In America’s Constitution, one of this era’s most accomplished constitutional law scholars, Akhil Reed Amar, gives the first comprehensive account of one of the world’s great political texts. Incisive, entertaining, and occasionally controversial, this “biography” of America’s framing document explains not only what the Constitution says but also why the Constitution says it.

We all know this much: the Constitution is neither immutable nor perfect. Amar shows us how the story of this one relatively compact document reflects the story of America more generally. (For example, much of the Constitution, including the glorious-sounding “We the People,” was lifted from existing American legal texts, including early state constitutions.) In short, the Constitution was as much a product of its environment as it was a product of its individual creators’ inspired genius.

Despite the Constitution’s flaws, its role in guiding our republic has been nothing short of amazing. Skillfully placing the document in the context of late-eighteenth-century American politics, America’s Constitution explains, for instance, whether there is anything in the Constitution that is unamendable; the reason America adopted an electoral college; why a president must be at least thirty-five years old; and why–for now, at least–only those citizens who were born under the American flag can become president.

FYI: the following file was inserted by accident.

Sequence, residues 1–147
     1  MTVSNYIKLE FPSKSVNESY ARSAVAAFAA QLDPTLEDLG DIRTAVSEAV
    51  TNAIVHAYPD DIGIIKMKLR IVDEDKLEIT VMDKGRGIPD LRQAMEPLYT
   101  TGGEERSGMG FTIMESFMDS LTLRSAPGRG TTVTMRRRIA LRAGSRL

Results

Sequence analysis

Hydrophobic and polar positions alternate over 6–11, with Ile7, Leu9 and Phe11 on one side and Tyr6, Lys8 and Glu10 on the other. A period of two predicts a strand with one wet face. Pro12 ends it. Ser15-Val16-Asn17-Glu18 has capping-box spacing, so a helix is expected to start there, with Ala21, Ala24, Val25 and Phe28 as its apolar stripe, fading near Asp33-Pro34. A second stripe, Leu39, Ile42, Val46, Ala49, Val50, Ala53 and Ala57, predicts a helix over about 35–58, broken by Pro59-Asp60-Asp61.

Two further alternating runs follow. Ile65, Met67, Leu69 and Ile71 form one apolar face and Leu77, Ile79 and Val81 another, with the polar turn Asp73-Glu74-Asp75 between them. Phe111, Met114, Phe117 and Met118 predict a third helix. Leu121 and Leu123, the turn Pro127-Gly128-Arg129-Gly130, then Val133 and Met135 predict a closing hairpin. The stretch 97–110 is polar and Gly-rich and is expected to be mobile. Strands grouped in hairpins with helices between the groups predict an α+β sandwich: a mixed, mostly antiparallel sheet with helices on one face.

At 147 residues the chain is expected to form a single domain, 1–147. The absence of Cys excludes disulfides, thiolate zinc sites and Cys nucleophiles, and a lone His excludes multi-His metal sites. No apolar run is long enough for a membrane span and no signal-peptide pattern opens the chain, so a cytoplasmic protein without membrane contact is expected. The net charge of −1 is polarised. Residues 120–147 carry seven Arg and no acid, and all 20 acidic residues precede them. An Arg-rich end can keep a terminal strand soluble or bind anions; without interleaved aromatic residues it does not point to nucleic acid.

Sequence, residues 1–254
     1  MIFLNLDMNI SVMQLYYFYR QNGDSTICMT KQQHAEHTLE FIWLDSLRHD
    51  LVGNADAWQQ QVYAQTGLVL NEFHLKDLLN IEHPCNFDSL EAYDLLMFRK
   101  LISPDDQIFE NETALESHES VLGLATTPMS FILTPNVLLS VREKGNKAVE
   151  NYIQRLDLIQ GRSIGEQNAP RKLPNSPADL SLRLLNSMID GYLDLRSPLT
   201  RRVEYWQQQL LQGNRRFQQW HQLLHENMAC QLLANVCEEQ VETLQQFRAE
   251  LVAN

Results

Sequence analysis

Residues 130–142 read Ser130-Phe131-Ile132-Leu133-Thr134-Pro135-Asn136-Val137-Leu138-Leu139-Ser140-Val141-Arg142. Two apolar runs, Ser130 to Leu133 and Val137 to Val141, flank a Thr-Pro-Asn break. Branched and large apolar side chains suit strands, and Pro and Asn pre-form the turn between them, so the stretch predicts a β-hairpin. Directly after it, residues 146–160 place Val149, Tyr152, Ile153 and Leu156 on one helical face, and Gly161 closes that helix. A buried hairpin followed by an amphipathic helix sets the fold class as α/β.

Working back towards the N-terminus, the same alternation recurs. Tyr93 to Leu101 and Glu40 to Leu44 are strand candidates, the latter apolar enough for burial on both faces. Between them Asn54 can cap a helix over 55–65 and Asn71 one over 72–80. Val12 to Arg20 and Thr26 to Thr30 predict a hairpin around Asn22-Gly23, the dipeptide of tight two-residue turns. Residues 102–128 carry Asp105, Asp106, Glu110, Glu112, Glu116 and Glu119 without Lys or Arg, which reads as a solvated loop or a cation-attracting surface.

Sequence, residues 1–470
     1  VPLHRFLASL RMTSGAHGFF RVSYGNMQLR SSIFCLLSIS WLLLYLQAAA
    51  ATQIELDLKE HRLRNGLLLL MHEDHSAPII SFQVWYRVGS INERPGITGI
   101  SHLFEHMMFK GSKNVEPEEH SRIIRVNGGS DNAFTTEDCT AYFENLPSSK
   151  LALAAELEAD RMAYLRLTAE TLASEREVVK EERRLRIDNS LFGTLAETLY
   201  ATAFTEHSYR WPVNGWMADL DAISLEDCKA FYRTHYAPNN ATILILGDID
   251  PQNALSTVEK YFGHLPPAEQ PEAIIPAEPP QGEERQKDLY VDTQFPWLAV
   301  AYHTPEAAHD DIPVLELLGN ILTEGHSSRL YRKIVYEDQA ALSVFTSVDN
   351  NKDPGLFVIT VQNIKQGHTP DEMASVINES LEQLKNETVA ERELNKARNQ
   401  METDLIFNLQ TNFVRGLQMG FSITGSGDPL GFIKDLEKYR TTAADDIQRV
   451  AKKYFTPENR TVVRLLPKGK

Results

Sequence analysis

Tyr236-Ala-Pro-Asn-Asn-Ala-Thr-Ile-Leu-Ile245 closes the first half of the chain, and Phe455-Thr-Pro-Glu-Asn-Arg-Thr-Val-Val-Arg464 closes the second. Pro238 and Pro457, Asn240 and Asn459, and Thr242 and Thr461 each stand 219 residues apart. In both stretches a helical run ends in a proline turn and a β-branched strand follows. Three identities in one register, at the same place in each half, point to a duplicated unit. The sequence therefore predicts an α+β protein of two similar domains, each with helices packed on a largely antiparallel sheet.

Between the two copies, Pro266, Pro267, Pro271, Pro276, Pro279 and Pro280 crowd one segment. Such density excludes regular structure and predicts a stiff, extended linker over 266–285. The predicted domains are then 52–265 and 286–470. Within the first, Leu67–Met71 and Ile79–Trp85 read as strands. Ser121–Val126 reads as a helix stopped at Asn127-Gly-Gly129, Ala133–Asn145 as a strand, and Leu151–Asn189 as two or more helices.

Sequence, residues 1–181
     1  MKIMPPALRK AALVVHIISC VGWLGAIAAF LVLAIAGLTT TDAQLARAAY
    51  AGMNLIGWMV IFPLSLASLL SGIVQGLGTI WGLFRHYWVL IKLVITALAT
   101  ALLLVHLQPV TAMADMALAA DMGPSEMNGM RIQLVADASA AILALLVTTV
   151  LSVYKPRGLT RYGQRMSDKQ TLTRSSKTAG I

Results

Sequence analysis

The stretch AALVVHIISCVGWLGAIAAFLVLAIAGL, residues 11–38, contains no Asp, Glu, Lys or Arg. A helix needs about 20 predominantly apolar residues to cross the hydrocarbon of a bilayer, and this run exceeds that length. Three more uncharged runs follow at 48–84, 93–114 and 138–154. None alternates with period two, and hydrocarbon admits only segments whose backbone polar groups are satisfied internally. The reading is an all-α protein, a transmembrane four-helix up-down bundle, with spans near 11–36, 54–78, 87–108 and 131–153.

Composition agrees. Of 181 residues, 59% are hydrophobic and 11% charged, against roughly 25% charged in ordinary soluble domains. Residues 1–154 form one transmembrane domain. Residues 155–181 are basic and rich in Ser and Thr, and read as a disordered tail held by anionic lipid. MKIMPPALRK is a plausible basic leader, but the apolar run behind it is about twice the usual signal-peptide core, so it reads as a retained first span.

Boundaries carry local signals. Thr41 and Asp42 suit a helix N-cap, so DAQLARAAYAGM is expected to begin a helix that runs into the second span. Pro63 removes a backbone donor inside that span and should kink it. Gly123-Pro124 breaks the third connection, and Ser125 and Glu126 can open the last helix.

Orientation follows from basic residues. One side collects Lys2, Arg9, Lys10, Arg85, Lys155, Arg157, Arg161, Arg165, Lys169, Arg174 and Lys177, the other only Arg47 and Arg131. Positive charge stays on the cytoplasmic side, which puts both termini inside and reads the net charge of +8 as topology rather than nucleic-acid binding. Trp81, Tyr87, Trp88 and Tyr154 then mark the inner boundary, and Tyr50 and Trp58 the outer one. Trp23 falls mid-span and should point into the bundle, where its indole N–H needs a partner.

From his unique perspective, Amar also gives us unconventional wisdom about the Constitution and its significance throughout the nation’s history. For one thing, we see that the Constitution has been far more democratic than is conventionally understood. Even though the document was drafted by white landholders, a remarkably large number of citizens (by the standards of 1787) were allowed to vote up or down on it, and the document’s later amendments eventually extended the vote to virtually all Americans.